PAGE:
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In Sales, Flattery Will Get You ... Somewhere

In Sales, Flattery Will Get You ... Somewhere Credit: Flattering woman image via Shutterstock

Buttering up customers with a variety of compliments won't necessarily get them to make any added purchases, but it could encourage those around them to do so, new research finds.

A study by researchers at Tilburg University in the Netherlands and the Hong Kong University of Science and Technology revealed that customers who observe other shoppers being flattered by a salesperson end up comparing themselves to that person, which leads to feelings of envy. Those feelings, in turn, motivate envious shoppers to choose expensive, stylish purchases over standard, cheaper ones.

"This decision is influenced primarily by the wish to reduce envy — by appearing stylish oneself," wrote the study's authors, Elaine Chan, of Tilburg University, and Jaideep Sengupta, of the Hong Kong University of Science and Technology.

Despite the higher-priced purchases they may make, customers who witness flattery by salespeople are often left with a negative impression of the employee, the researchers discovered.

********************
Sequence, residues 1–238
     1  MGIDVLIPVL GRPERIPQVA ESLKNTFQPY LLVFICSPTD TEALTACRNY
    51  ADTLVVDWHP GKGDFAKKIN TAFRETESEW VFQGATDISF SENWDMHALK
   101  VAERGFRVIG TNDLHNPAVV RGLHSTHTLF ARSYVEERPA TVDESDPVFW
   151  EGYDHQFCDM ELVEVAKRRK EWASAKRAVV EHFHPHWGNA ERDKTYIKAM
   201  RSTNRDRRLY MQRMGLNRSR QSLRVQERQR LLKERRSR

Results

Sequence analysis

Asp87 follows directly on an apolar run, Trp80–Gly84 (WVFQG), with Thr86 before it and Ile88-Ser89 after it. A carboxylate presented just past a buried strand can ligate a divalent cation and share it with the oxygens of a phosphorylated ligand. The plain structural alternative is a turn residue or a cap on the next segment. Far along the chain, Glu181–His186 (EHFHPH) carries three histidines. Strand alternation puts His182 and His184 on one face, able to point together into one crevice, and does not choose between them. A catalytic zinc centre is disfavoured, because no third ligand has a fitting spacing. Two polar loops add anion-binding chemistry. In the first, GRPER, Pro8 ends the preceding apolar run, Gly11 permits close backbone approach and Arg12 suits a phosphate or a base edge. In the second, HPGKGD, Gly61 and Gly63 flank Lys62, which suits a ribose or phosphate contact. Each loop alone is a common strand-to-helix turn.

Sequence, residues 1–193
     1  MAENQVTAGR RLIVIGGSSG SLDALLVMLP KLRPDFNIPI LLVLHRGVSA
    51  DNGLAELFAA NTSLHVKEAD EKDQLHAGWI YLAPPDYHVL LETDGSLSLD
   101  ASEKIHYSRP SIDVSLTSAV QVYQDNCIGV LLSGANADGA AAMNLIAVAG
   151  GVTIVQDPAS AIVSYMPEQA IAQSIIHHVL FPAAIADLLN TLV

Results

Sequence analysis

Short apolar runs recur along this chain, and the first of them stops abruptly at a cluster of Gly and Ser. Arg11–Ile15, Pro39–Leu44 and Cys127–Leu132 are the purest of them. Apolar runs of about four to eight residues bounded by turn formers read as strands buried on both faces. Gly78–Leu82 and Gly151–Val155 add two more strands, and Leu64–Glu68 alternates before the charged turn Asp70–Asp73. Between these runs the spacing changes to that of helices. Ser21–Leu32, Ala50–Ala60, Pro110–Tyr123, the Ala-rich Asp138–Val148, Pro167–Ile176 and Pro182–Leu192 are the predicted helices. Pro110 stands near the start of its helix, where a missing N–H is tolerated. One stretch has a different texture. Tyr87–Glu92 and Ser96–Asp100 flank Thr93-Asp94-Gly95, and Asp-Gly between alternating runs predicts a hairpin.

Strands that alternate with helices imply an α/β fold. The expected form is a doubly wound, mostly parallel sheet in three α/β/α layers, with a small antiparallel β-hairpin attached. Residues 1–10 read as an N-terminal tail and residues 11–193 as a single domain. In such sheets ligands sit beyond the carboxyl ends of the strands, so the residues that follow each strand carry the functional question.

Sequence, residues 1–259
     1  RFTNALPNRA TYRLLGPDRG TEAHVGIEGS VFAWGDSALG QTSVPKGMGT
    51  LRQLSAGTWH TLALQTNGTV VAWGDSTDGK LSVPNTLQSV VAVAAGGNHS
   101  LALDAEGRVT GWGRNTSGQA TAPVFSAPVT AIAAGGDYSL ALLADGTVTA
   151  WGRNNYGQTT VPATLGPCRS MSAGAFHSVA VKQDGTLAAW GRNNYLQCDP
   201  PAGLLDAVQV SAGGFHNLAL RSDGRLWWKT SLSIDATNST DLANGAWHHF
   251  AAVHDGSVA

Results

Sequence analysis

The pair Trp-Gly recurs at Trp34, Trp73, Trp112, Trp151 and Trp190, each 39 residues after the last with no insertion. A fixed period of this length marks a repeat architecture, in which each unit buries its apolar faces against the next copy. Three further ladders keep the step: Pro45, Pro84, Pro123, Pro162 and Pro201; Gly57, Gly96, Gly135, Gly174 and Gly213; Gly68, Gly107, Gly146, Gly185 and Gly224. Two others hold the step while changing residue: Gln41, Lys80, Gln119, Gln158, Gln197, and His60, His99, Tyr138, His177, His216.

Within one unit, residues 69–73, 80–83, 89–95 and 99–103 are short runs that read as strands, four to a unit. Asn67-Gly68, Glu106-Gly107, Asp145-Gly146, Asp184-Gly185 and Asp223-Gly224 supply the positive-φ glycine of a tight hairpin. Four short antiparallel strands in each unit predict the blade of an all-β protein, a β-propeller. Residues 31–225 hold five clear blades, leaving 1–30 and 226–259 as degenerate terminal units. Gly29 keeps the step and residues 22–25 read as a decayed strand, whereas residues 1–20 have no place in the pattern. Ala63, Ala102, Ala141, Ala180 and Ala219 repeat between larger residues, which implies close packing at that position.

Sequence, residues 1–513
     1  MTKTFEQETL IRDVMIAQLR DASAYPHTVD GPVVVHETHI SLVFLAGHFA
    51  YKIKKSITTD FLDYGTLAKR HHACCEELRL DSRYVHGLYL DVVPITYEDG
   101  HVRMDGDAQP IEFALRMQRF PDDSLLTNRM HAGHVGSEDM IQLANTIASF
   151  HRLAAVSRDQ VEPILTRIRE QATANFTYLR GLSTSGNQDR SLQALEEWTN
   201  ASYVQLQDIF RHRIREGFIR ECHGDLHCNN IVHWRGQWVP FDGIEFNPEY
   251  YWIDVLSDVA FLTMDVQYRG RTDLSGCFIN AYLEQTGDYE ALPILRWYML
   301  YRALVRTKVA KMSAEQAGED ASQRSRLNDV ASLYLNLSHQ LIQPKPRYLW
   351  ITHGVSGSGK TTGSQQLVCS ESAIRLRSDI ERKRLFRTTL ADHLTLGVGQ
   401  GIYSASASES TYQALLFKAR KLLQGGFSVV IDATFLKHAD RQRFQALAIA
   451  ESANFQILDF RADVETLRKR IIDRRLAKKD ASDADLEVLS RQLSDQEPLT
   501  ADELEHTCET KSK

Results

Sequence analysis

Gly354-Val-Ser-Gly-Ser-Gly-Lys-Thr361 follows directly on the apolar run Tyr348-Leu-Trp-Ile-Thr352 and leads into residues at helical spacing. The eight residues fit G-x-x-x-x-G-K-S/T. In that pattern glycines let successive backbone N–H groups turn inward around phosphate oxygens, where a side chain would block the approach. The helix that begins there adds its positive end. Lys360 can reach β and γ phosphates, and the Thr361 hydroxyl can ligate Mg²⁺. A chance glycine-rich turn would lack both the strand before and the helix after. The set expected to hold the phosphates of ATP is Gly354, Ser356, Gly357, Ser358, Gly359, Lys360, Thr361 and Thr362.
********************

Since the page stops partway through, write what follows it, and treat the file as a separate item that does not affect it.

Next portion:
As part of the study, researchers conducted four experiments in clothing stores to investigate consumers' reactions to salespeople's flattery. They found that observers form both positive and negative reactions toward a purveyor of sincere flattery.

Researchers found that when shoppers had time to form thoughtful, deliberate responses, they tended to have positive opinions of the flatterers. But gut reactions to flattery were far more negative.

"These implicit reactions towards seemingly sincere flattery are as negative as when the observer has good reason to believe that flattery is actually insincere," the authors wrote.

The study, "Observing Flattery: A Social Comparison Perspective," is scheduled to appear in the December issue of the Journal of Consumer Research.

Originally published on BusinessNewsDaily.

Chad Brooks

Chad Brooks is a Chicago-based writer who has nearly 15 years' experience in the media business. A graduate of Indiana University, he spent nearly a decade as a staff reporter for the Daily Herald in suburban Chicago, covering a wide array of topics including, local and state government, crime, the legal system and education. Following his years at the newspaper Chad worked in public relations, helping promote small businesses throughout the U.S. Follow him on Twitter.